WHILE ON A STORM, PLANNING ESCAPE ROUTES AND RUNNING THROUGH ESCAPE SCENARIOS IS LITERALLY A CONSTANT ACTIVITY FOR ME. I DON'T WANT TO BE ANYWHERE NEAR A TORNADIC STORM IF I DON'T KNOW EXACTLY HOW I CAN GET AWAY FROM IT. THAT SAID, I HAVE LEARNED SOME LESSONS THE HARD WAY. MY EXPERIENCES HAVE INFORMED OR UNDERSCORED THREE BASIC PRINCIPLES ON ESCAPE:
ALWAYS HAVE an escape route.
On November 16 2015, I chose to chase without a reliable escape route, putting my driver and I in a compromising position. A tornado outbreak was ongoing in the Texas Panhandle. We caught a brief tornado near Groom as the sun set, then began chasing a second large and strong tornado that formed after dark. Pursuit meant racing north on Highway 70 in the direction of Pampa. However, there were no eastbound escape routes that I was comfortable with for 25 miles, and westbound options were limited to unfamiliar dirt roads that led into the core of another approaching storm. Nevertheless, I decided to proceed. Halfway to Pampa, reports began coming in of a large tornado on the ground from the storm behind us… and it was gaining. At the same time, we encountered the damage path of the tornado in front of us; we were slowed and narrowly avoided a downed power pole that lay snapped across the road. Thankfully we could pass around it and the other debris, and we kept pace northward, precariously positioned between the two damaging tornadoes. We made it the 25 miles to Pampa, then west to safety, but I was rattled and angry with myself for chasing without a proper escape route.
ALWAYS CHOOSE your escape route.
There might be a dozen ways to evacuate a storm, but if you don’t know which is best and which you want, you can waste time evaluating options or simply make the wrong choice. On May 16, 2016, my uncle and I were on a distant but approaching tornado near Dalhardt, Texas. I departed to early to reposition. I wanted to allow us time to pass south through town ahead of the storm. However, I took for granted that there were multiple options to get from the north side of town to the south, so I didn’t properly consider which one was best… and I chose the wrong one. With a little thoughtful analysis, I could have learned preemptively that my route was a construction-jammed nightmare while alternate ones were clear. Instead, we spent several stressful and uncertain minutes maneuvering out and away from my awful route. Luckily the tornado dissipated and the storm passed just north of town, but I still learned a valuable lesson about not just having an escape route, but thoughtfully selecting the right escape route.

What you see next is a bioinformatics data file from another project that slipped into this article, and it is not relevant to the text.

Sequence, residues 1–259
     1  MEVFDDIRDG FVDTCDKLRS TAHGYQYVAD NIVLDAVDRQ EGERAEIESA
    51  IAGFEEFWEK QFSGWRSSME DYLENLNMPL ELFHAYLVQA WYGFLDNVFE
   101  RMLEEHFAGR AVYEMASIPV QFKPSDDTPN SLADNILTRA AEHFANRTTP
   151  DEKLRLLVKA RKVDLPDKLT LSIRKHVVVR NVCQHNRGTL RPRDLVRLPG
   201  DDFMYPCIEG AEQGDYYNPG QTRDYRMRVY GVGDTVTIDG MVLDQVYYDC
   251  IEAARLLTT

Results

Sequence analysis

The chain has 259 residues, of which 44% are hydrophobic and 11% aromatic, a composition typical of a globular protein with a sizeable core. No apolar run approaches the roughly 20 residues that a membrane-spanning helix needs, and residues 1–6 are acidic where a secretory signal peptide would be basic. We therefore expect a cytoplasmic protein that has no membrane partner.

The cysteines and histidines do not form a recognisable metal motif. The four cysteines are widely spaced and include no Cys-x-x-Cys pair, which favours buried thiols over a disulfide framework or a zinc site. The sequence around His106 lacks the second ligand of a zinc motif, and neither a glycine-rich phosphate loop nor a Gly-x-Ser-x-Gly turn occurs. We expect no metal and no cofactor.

ALWAYS USE your escape route.
On June 14, 2014, we were chasing the remarkable but devastating series of tornadoes that raked across northeast Nebraska. After witnessing the Stanton tornado from a distance, we approached the storm on Highway 275, positioning on the north side of Pilger. I let my driver, Mike, know that our primary escape route was to head east then southeast along the same highway from which we’d approached. We sat and watched as a new tornado formed just to our southwest, becoming a thick and violent elephant trunk that blasted into the town. My plan was to backtrack ahead of the tornado, let it cross behind us, and then follow it north on one of the many county road options. However, a scan of the storm revealed a new area of rotation ahead of the main tornado immediately to our south, and within moments another tornado was on the ground. It became apparent that we would have to race even further east to get out of the way and stay ahead of this second unexpected tornado. I told Mike to be careful, hit the speed limit, but use our escape route to get us out of the way. As we evacuated ahead of the two tornadoes, I observed a third area of rotation. Having never experienced a tornado-producing storm quite like this, I decided to continue on our escape route until we were totally ahead and out from under the storm’s mesocyclone. We watched the tornadoes pass safely to our west, caught our breath, the continued to chase them from the south.